Example VII lbs. of shaved chrome pretanned hide leather which has been wrung, slit and shaved to weight were placed into a drum. The hides were neutralized in the drum to a pH of approximately 3.9 by adding sodium bicarbonate. The hides were subsequently washed at a temperature of F. with water for approximately 15 minutes to remove shavings and salts. After washing was completed, approximately 25 lbs. of water heated to 50 C. containing, dissolved therein, approximately 10 lbs. of the solid dry cationic resinous complex of this invention produced in Example II, were added to the drum. The hides were treated with this solution for a period of about one hour so as to allow the hides to absorb the solution. Approximately 25 lbs. of water at 50 C. containing 3 lbs. of a solid phenolic condensate produced by condensing phenolic sulfonic acid with a urea-formaldehyde condensate as prepared in Example 11 of my copending application S.N. 226,718 filed September 27, 1962, were placed in the drum. The hides were treated with this solution for a period of one hour. After this period, the drum was drained and the hides were prepared for fat-liquoring. This was achieved by means of floating the stock in approximately 200 lbs. of water at a temperature of about 50 C. After 10 minutes, the water was drained from the drum. Fat-liquoring was carried out by floating the hides in 100 lbs. of water at 50 C. containing 6 lbs. of a multicharged fat-liquoring mixture composed of about 30% by weight of sulfated sperm oil, about 4% by weight of polyglycol oleate, about 4% by weight of the diethyl sulfate quaternary salt of oleic amide and about 50% by weight of neatsfoot oil. The remaining 12% of the fatliquoring mixture contained the other conventional ancillary ingredients. After floating for one hour in the fatliquoring bath, the drum was drained.

The leather produced by the above procedure was full and mellow having a tight grain. The leather has a pronounced white bleaching effect and had an overall soft feel and had a good resistance to discoloration upon exposure to light.

Example VIII 100 lbs. of shaved chrome pretanned hide leather which has been wrung, slit and shaved to weight were placed into a drum. The hides were neutralized in the drum to a pH of approximately 3.9 by adding sodium bicarbonate. The hides were subsequently washed at a temperature of 110 F. with water for approximately 15 minutes to remove shavings and salts. After washing was completed, approximately 25 lbs. of water heated to 50 C. containing, dissolved therein, approximately 10 lbs. of the solid cationic resinous complex of this invention produced in Example V, were added to the drum. The hides were treated with the solution for a period of about one hour so as to allow the hides to absorb the solution. After this period, approximately 25 lbs. of water at 50 C. containing 3 lbs. of a solid phenolic condensate produced by condensing phenolic sulfonic acid with a urea-formaldehyde condensate as prepared in Example V of my copending application S.N. 226,718, filed September 27, 1962, were placed in the drum. The hides were treated with this solution for a period of one hour. After this period, the drum was drained and the hides were prepared for fat-liquoring. This was achieved by means of floating the stock in approximately 200 lbs. of water at a temperature of about 50 C. After 10 minutes, the water was drained from the drum. Fat-liquoring was carried out by floating the hides in 100 lbs. of water at 50 C. containing 6 lbs. of a multicharged fat-liquoring mixture composed of about 30% by weight of sulfated sperm oil, about 4% by weight of polyglycol oleate, about 4% by weight of the diethyl sulfate quaternary salt of oleic amide and about 50% by weight of neatsfoot oil. The remaining 12% of the fat-liquoring mixture contained the other conventional ancillary ingredients. After floating for one hour in the fat-liquoring bath, the drum was drained.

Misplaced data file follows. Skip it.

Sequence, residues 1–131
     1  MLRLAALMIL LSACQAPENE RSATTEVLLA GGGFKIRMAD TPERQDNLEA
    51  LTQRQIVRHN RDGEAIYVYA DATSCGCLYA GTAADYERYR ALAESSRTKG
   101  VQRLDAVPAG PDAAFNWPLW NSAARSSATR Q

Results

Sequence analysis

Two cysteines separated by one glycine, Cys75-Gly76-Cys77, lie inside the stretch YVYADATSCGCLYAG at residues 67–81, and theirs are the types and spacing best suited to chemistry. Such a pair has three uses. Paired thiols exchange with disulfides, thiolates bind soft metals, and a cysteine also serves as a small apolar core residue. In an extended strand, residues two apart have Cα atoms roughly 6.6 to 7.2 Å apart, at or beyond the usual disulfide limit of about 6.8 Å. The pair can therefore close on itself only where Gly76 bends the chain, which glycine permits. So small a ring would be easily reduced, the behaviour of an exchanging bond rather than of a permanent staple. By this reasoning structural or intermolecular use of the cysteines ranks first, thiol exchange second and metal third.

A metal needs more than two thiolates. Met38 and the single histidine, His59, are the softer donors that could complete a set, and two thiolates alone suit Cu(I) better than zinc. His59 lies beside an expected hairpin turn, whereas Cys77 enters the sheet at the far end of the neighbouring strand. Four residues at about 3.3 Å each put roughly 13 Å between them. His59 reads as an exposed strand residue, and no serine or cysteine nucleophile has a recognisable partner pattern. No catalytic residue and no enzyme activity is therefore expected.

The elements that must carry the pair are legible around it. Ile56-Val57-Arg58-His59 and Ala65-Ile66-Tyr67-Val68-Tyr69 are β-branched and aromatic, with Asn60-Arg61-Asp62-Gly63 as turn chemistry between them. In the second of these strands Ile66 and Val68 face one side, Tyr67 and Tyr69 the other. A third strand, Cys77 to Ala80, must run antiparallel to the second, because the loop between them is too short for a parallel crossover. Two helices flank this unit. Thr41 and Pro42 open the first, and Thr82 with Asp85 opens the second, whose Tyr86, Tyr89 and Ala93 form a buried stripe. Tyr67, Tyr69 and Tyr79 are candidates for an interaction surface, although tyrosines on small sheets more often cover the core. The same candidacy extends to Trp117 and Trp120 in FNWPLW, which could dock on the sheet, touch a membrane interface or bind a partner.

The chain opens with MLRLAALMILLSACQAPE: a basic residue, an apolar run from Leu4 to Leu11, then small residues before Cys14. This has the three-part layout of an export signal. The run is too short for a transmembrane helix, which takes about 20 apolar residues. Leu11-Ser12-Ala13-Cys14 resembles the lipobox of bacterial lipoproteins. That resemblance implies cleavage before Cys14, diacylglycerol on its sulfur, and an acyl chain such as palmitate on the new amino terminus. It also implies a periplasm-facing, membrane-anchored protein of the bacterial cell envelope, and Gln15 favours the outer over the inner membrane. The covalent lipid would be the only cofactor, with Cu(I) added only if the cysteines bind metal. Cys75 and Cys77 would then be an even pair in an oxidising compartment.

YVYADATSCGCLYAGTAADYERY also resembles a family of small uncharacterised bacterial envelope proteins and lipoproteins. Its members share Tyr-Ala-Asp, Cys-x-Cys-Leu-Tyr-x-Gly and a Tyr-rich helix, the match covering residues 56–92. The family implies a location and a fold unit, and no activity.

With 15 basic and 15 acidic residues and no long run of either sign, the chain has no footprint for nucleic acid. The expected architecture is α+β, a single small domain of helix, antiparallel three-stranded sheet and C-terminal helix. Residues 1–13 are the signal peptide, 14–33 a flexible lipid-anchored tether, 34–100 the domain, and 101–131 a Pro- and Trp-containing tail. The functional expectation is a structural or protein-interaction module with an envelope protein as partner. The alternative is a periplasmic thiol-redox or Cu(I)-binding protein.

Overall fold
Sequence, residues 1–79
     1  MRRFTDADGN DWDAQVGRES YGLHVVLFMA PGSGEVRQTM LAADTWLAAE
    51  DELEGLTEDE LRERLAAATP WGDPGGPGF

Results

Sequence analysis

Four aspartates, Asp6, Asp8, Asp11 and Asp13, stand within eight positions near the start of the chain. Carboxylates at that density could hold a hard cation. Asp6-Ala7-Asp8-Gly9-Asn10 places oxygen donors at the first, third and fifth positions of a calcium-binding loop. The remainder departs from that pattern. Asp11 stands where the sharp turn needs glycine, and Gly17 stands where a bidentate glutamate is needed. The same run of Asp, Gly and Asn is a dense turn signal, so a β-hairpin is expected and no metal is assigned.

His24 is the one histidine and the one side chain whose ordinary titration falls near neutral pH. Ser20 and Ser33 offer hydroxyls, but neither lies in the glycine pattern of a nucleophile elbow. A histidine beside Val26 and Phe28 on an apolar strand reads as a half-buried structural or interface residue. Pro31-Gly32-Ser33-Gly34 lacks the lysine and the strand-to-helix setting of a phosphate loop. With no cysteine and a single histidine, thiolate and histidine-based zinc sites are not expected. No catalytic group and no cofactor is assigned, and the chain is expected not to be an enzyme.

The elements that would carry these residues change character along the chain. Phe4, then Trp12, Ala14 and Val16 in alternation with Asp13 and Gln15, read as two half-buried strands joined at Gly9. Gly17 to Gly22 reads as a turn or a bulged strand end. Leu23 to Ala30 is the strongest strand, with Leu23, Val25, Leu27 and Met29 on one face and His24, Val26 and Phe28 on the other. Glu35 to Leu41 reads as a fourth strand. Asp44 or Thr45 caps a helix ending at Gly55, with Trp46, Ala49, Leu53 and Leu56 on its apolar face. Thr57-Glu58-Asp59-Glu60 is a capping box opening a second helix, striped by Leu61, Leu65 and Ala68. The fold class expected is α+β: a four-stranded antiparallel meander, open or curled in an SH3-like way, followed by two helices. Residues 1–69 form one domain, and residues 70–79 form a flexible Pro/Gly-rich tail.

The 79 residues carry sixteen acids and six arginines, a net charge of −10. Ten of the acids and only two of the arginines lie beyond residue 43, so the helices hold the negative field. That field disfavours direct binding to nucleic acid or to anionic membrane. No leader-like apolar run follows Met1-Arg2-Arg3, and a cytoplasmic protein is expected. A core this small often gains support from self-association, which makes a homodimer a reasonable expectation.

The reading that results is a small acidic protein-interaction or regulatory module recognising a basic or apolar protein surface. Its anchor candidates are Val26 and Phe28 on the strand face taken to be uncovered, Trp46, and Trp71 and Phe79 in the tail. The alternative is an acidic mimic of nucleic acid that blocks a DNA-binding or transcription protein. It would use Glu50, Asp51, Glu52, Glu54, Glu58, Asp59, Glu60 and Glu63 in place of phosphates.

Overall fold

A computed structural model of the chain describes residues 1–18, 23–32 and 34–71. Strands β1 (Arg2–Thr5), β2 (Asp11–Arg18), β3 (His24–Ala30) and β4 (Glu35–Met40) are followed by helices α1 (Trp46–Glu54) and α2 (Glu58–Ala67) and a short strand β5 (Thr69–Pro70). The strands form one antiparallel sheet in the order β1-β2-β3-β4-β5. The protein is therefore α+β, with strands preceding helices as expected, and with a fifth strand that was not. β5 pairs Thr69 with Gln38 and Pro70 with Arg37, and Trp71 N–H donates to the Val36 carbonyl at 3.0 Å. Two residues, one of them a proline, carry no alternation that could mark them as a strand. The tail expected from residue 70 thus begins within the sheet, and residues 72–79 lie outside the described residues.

The leather produced by the above procedure was full and mellow having a tight grain. The leather had a pronounced white bleaching effect and had an overall soft feel and had a good resistance to discoloration upon exposure to light.

Example IX This example is directed to showing the use of the complexes of this invention as coagulants for rubber emulsions and a comparison of the product of this invention with a well known latex coagulant.

250 grams of dry pulp were disintegrated in 12,500

. grams of water by means of a Lightning agitator. The

disintegrated pulp-water mixture was then agitated by means of a beater to a freeness of 600 Canadian Freeness. The freeness was determined by means of TAPPI Standard Freeness Test No. T-227. The pulp-water mixture was then thickened to a consistency of 5.5%, by weight of dry pulp, by means of drawing some of the water through a wire screen. From this pulp-water mixture having a consistency of 5.5% by weight of dry pulp, there were drawn off two aliquot samples each Weighing 102 grams and each having a consistency of 5.5% by weight of dry pulp. To each of the samples there was added 13.4 grams of Hycar 1562 (an acrylonitrile latex).

In the first aliquot sample, aliquot portion 1) there were added 3 grams of the solid aminoplast cationic resin complex produced in Example I.

In the second aliquot sample, aliquot portion (2) there were added 5 grams of aqueous solution containing alum (a known latex coagulant).

From a comparison of the two samples it was noticed that the latex onto the pulp more completely deposited on the pulp in aliquot portion (1), where the complex of this invention was used as a coagulant as compared to aliquot portion (2) where a standard coagulant such as alum was used. It was also noted-that the water in aliquot portion 1) where the complex of this invention was used was clear whereas in aliquot portion (2) where alum was used the wash water was white and scummy. This indicated that not all of the rubber latex had precipitated in aliquot portion (2) by the addition of alum whereas the addition of the complex of this invention all of the rubber latex had precipitated from the water leaving clear water.